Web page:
My Crohn's Story

Updated: Jan 25

The normality of life I had grown accustomed to would eventually change when I was diagnosed with Crohn’s disease. Up until I was 17, I'd say that I had a pretty normal life, where I just went with the flow of things. I was happy, healthy and didn't have Crohn's!

It wasn't actually until after my 17th birthday that I was able to get an official diagnosis after spending a majority of the previous year being told all my symptoms were due to exam stress and the lack of fibre in my diet. For a very long time now, in fact just over 10 years I have kept the fact that I have Crohn's to myself and have only told a few close friends that I have it.

To some of my other friends who are just finding this out now by reading.....surprise!!

I understand that some of you reading may not have a clue of what Crohn's disease is or what IBD is so I will take a moment and explain it as simply as possible.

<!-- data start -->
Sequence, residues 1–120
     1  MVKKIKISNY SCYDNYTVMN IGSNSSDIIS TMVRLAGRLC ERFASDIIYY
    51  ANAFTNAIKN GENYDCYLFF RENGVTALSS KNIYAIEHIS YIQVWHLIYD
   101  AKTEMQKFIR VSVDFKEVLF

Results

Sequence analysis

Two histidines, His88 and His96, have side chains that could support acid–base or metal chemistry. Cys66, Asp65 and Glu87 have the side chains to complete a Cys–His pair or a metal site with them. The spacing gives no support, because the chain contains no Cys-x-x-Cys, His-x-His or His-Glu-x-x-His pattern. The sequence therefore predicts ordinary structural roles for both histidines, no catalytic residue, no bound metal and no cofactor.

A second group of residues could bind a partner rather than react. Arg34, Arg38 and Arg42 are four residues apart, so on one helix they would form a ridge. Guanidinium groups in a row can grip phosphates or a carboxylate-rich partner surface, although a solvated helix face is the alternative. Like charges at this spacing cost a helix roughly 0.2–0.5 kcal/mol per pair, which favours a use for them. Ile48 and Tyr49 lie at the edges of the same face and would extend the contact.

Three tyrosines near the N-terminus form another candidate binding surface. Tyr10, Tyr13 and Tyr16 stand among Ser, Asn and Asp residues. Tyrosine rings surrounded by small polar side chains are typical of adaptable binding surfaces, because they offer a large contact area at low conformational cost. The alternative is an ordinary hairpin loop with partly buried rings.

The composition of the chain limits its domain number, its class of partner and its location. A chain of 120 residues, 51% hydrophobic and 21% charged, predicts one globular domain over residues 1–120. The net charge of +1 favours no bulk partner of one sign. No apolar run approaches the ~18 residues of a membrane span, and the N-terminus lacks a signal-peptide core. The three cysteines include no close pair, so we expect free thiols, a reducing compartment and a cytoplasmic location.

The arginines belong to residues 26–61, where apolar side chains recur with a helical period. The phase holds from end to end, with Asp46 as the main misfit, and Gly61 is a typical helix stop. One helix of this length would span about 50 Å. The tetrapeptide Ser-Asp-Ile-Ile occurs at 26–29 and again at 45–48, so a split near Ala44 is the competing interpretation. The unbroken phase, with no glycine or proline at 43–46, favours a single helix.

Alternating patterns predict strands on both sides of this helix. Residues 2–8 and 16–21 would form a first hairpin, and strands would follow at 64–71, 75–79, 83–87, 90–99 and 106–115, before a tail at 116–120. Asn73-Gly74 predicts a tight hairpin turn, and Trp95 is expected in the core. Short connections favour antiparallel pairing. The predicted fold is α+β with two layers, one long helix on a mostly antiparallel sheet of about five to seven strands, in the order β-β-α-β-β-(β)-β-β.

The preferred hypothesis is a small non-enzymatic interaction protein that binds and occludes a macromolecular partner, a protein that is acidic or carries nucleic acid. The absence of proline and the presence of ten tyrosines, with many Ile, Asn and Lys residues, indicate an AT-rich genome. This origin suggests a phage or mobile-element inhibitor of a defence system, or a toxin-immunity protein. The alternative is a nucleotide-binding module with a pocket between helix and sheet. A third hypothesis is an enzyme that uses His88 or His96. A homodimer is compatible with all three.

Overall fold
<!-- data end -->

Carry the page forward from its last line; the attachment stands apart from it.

Before you read on VIEWER DISCRETION IS ADVISED. If you don't like talk about bodily function or anything like that then fast forward this bit!!

Basically within the body we have the digestive system which is made up of the mouth, oesophagus, stomach and intestines (small and large intestines). The intestines help us digest and absorb nutrients from our food and basically anything that can't be digested is removed from the body....yep, that's poo!!

Crohn's disease can affect any part of the digestive system in particularly the intestines, causing inflammation.

Symptoms of Crohn's include: Abdominal pain, diarrhoea, bloody stools (poo), tiredness and fatigue (heavy blood loss can cause you to be anaemic (low on iron) and abdominal pain from a 'flare up' can cause sleepless nights), feeling unwell and the most noticeable is weight loss due to a loss of appetite.